Most cases such as this would be plea bargained. But this case was taken to a jury trial, and then appealed.  The Second Division Appellate Court of Illinois, First District, made the correct decision. From illinoiscourts.gov:
[*P1] Chicago police officers, in their mission to “serve and protect,” must remove from the city’s streets illegal guns, which claim hundreds of lives each year and imperil the public’s safety and security. Presumably acting on that laudable desire, an officer had a hunch, based on seeing “a metallic object” in Markell Horton’s waistband, that Horton might have a handgun and pursued him. Eventually, police found a handgun hidden under a mattress in a bedroom where they found Horton, and he was charged with possession. But changes in Illinois law (in part mandated by United States Supreme Court rulings protecting the right to keep and bear arms) now hold that it is not illegal to carry a concealed handgun, as long as certain procedures are followed.
[*P2] As judges, we are stuck between a hammer and the anvil. On the one hand, we are ever mindful of, and horrified by, the level of gun violence that continues to plague the City of Chicago. We feel confident in saying that all members of the judiciary wish for reformative solutions. But we also are mindful of our limited role in a constitutional system. We cannot sidestep or disregard instruction from both the United States and Illinois Supreme Courts to achieve a specific outcome. When we hold that precedent dictates the result here, it is not because we are naïve, or “soft on crime.” On the contrary, it is because we must follow, not rewrite, the established law and the facts in evidence.
[*P3] We now turn to the specifics of Horton’s appeal. Horton argues four issues: (i) the trial court improperly denied his motion to quash arrest and suppress evidence; (ii) the trial court improperly barred him from introducing registration and ownership evidence of the weapon, both before and after the State “opened the door” to the evidence; (iii) reasonable doubt; and (iv) ineffectiveness of trial counsel. In addition, this court ordered supplemental briefs on the issue of probable cause to pursue Horton “in view of the rulings in District of Columbia v. Heller, 554 U.S. 570 (2008); McDonald v. City of Chicago, 561 U.S. 741 (2010); People v. Aguilar, 2013 IL 112116; and People v. Burns, 2015 IL 117387.”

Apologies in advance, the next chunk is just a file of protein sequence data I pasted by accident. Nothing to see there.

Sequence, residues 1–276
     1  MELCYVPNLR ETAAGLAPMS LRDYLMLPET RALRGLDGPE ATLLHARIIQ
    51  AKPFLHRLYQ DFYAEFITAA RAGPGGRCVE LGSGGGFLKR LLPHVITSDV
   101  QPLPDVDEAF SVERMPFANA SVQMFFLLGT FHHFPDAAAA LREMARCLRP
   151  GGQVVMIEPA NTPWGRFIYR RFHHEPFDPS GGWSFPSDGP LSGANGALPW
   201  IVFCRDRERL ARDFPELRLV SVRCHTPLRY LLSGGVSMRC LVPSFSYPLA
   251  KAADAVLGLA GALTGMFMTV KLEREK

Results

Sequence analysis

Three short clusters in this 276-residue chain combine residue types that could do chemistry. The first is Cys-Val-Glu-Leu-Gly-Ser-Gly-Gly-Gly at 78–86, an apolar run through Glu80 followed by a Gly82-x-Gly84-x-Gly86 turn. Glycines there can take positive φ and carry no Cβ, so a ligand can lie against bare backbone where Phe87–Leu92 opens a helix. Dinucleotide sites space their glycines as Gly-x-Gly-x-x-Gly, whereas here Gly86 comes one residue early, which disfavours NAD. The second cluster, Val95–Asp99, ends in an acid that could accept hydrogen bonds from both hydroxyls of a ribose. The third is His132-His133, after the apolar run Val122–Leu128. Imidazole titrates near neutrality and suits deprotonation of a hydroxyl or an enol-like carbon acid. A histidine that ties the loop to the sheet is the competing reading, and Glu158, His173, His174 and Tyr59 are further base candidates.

[*P4] We hold that the trial court improperly denied Horton’s motion to quash arrest and suppress evidence. The probable cause to pursue Horton was based on the officer’s belief that Horton possessed a gun in violation of the unlawful use of a weapon statute (720 ILCS 5/24 1.1(a) (West 2010)), later found unconstitutional on its face and void ab initio. Aguilar, 2013 IL 112116; Burns, 2015 IL 117387. As a result, the search and seizure of the gun was unlawful and the trial court erred when it denied Horton’s motion to quash his arrest and suppress the evidence.
As a gun owner, it is distressing that so little attention was paid to the actual owner of the firearm. It seems that the owner was a resident  of the house that was raided. It appears that he followed the rules in obtaining and keeping the firearm. Was the pistol returned to him? It seems highly unlikely. The costs for obtaining a court order from a judge, requiring the police to return the pistol, would be far more than the pistol was worth. Moreover, finding a judge in Chicago who would be willing to make such an order is highly problematic.